Film: ‘Choked: Paisa Bolta Hai’
Director: Anurag Kashyap
Cast: Saiyami Kher, Roshan Mathew, Amruta Subhash
Streaming on: Netflix
Stars: 3 out of 5
A movie that examines soulless suburbia and the monotonous marriage of a dissatisfied couple can be stifling, but director Anurag Kashyap’s black dramedy ‘Choked: Paisa Bolta Hai’, out now on Netflix, is entertaining and wicked.
Sarita, played efficiently by Saiyami Kher, is frustrated by her mind-numbing middle class existence. She has been working as a cashier in a government bank, while her musician husband Sushant (Roshan Mathew) is a slacker who hasn’t been able to keep a job for the last five years.
She’s emotionally exhausted by the drudgery called life and being the sole breadwinner, and is jaded about their cash-starved existence. But Sarita’s life gets a jolt when she finds wads of cash in plastic packets emerging from her broken wash basin sewer.
The choked drainage spewing soiled water, which she has been relentlessly telling her husband to fix, becomes her fountain of hope and escape.
SPRING OF HOPE
The premise of this satire is intriguing and bursting with promise and Kashyap doesn’t disappoint.
The film examines greed and class warfare against the backdrop of India’s demonetisation drive, which saw Indian Prime Minister Narendra Modi banning cash of certain denominations. Kashyap — who has always been critical of Modi’s governance — uses his film as a tool for his activism and illustrates in great detail how the sudden cash ban drive was a spectacular misfire.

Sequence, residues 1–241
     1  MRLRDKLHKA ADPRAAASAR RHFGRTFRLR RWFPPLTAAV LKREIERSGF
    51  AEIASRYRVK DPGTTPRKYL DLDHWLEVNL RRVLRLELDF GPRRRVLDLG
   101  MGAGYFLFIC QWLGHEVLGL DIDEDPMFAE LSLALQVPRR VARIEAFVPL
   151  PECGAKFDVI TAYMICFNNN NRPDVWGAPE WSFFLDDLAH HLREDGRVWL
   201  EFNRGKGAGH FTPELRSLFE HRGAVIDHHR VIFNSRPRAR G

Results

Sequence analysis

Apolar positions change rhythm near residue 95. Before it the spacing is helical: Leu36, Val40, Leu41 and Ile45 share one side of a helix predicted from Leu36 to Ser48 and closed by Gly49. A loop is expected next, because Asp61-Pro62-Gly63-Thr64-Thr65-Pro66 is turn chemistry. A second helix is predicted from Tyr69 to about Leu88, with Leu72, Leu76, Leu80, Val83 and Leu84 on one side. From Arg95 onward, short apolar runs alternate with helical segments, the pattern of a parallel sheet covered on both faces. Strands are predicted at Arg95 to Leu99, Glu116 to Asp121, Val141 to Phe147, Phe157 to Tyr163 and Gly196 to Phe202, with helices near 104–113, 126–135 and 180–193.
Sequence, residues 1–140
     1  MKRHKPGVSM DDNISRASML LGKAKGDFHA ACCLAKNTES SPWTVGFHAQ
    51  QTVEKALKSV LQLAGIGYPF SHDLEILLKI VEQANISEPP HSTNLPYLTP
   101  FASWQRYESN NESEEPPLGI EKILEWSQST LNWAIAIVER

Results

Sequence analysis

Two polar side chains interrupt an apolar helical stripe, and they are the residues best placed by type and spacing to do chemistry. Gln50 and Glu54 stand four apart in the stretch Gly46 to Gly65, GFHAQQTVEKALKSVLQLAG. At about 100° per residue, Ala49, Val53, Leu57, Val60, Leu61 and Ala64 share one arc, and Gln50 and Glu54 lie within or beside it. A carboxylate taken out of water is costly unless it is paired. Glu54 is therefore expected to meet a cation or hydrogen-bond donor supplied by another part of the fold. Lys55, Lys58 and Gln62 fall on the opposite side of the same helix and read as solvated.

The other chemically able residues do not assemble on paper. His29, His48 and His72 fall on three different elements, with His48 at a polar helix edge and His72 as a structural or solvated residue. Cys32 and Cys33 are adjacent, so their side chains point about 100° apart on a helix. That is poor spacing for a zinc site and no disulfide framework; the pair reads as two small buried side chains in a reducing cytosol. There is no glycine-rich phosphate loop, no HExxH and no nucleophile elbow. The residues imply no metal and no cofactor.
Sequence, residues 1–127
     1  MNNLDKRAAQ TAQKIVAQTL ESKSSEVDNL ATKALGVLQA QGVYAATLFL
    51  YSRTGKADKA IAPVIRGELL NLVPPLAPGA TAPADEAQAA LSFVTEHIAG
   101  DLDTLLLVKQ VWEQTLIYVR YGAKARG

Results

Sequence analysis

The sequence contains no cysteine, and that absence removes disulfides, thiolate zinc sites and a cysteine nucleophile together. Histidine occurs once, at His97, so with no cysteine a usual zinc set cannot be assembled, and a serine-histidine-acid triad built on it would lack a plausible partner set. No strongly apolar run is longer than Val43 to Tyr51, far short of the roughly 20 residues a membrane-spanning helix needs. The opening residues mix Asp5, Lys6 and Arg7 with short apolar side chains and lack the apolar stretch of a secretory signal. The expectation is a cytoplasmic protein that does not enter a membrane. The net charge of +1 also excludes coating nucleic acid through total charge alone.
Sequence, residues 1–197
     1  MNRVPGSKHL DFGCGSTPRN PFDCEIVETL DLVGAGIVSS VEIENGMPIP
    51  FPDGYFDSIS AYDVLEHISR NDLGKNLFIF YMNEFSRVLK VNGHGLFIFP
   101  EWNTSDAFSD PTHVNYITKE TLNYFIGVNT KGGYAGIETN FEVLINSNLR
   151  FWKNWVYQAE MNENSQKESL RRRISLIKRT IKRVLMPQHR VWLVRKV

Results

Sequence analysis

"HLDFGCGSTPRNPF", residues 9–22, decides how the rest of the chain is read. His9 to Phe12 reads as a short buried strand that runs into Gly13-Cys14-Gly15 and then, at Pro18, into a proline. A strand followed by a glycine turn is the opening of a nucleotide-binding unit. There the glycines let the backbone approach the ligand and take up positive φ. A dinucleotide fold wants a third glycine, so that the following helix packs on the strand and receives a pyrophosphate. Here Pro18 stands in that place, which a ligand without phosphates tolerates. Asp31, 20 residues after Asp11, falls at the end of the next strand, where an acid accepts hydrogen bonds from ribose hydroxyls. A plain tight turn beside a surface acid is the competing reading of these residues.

The movie, which was meant to weed out black money among the filthy rich, hurt India’s struggling middle class the most and the movie seems to underline this.
But whatever your political affiliation or take on demonetisation, there’s a lot of pleasure to be found in this engaging film about lousy lives bolstered by illegal money.
Kher and Mathew are perfectly cast as this once loved-up couple who now share a mutual disdain for each other. The scene in which they loudly argue about their clogged kitchen drain and wake up their sleeping young son to provide his testimony on who is right is a mirror to their decaying relationship.
The Pillai clan aren’t particularly likeable, but you just can’t take your eyes off them.
Even when Sarita reveals her greed and waits every night for her clogged sewer to cough up cash, you empathise with her desperate need for money. The actors also exercise a lot of economy in their emotions. This film is powered by subtle, nuanced performances.
Mathew as an emasculated husband who is ribbed for making his wife a cash cow among his neighbours is bang on target. His helplessness and toothless fury is palpable.
Sarita’s ordinary neighbours are a hoot as well and there’s lots of fun to be had in their nosy and self-centred attitudes.
Be warned — the climax feels rushed and the twists towards the end seem contrived. The political undertones may seem heavy-handed, but assured acting and an interesting premise are currencies that will never go out of style.
Put your money on this one.